Dental decay doesn’t just occur due to eating too many sweets during childhood. Babies and toddlers can develop it, as well, because of bad feeding habits and infections. Treatment options are tooth extraction, restoration, and preventative care.
What Is It?
Early childhood tooth decay is defined as the loss of teeth or decay of teeth in a child aged 71 months or younger. Early childhood caries is common and occurs in 8% of two-year-olds. Babies who are “cutting” their first teeth can be affected. Their teeth may begin to decay before the introduction of solid foods. Regular visits with a dentist for kids in salt lake city can help prevent tooth decay.
Why Infant Caries Happens
An infant’s teeth decay for different reasons:
Infection with Mutans Streptococci — Some people carry this bacterium in their mouths. It can adhere to enamel and damage it. It is passed on by caregivers via kissing or sharing food utensils. The transmission of infection is more common among caregivers with a dental infection or poor dental hygiene.
Repeated Bottle Feeding of Older Babies — Repeatedly bathing the teeth in any sugar-containing liquid, such as formula, fruit juices or sweetened drinks can cause decay. Giving sugary drinks at nap times or night feedings can cause it, too. This is because less saliva, which is anti-bacterial, is produced while asleep.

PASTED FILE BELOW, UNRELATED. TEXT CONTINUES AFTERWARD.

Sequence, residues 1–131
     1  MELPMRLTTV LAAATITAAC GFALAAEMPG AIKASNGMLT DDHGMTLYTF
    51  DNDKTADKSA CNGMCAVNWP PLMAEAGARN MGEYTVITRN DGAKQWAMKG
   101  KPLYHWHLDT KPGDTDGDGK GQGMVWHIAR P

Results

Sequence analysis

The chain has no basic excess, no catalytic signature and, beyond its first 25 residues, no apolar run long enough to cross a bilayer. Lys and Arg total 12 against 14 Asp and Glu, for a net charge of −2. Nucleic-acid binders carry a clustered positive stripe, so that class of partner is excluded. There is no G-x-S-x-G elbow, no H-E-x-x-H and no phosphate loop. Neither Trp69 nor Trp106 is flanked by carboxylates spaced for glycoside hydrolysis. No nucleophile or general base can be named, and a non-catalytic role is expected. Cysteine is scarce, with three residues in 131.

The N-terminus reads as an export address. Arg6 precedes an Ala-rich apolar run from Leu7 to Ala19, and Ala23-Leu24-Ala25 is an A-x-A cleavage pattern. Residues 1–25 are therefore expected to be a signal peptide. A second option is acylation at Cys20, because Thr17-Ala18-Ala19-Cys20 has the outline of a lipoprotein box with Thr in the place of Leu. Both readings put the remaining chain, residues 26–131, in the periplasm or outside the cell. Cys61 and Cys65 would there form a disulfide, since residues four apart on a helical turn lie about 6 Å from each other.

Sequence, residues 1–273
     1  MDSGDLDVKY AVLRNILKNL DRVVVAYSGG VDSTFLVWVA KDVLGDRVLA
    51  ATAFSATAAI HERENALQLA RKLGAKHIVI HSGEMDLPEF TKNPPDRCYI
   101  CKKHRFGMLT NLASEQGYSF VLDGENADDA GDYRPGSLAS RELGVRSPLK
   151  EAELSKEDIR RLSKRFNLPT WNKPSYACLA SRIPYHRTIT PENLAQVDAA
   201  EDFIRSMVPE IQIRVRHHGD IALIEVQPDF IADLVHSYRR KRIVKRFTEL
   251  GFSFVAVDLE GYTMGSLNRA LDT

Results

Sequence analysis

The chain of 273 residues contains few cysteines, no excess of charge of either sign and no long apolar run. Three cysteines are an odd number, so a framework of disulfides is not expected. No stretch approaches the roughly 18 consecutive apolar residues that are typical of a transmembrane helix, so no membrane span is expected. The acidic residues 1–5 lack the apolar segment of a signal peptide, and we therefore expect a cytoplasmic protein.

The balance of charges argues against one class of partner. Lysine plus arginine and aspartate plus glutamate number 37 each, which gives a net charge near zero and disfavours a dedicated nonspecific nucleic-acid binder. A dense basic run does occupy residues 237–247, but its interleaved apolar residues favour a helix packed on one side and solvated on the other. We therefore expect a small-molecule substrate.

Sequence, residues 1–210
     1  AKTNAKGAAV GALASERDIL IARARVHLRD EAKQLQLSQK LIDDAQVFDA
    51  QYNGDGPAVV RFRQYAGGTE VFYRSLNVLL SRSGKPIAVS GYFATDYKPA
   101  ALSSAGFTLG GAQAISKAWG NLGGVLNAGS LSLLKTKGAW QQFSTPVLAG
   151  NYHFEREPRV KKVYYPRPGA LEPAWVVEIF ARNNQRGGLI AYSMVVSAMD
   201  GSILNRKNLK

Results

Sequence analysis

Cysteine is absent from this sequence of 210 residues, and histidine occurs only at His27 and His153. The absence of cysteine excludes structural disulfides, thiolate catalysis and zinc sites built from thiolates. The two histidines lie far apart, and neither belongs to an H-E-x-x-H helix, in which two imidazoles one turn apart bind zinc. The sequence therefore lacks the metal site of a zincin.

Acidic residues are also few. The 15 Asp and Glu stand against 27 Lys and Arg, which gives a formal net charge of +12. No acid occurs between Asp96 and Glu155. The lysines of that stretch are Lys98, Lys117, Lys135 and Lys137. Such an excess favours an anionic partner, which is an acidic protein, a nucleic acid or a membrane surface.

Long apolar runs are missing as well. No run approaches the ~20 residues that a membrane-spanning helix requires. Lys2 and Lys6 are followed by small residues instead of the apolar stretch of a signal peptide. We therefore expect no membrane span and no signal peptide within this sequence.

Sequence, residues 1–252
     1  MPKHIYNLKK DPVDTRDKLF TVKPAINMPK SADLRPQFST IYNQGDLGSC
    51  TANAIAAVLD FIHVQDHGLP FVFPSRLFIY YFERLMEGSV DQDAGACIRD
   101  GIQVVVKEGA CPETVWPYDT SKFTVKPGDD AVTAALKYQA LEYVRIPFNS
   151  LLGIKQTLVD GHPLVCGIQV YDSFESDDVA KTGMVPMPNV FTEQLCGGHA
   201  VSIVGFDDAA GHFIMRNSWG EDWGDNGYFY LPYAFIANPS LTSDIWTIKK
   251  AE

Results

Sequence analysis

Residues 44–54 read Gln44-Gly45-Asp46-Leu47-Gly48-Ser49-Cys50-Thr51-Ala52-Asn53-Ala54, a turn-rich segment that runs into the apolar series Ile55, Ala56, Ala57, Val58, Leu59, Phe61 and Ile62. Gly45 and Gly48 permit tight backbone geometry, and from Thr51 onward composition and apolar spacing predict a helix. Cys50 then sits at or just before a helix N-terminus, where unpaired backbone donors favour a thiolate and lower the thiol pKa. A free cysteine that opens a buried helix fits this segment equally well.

Dipping Soothers in Sugar — Some parents dip their baby’s soother in sugar to stop them crying, dramatically increasing their chance of tooth decay.
Treatment for Dental Caries
Treatment for infant caries involves cleaning and restoration or tooth extraction.
Tooth Restoration — Surface fillings and protective varnish can be applied to repair crumbling teeth without dental surgery. It can be beneficial to leave baby teeth in because they are the placeholders for the adult teeth. If they are removed, overcrowding can occur.
Extraction — If the tooth cannot be restored or if an infection has developed, it will have to be taken out.
Infant caries is common, but good dental hygiene for parents and children, regular dental visits, and reduced sugar intake are important ways to prevent tooth decay.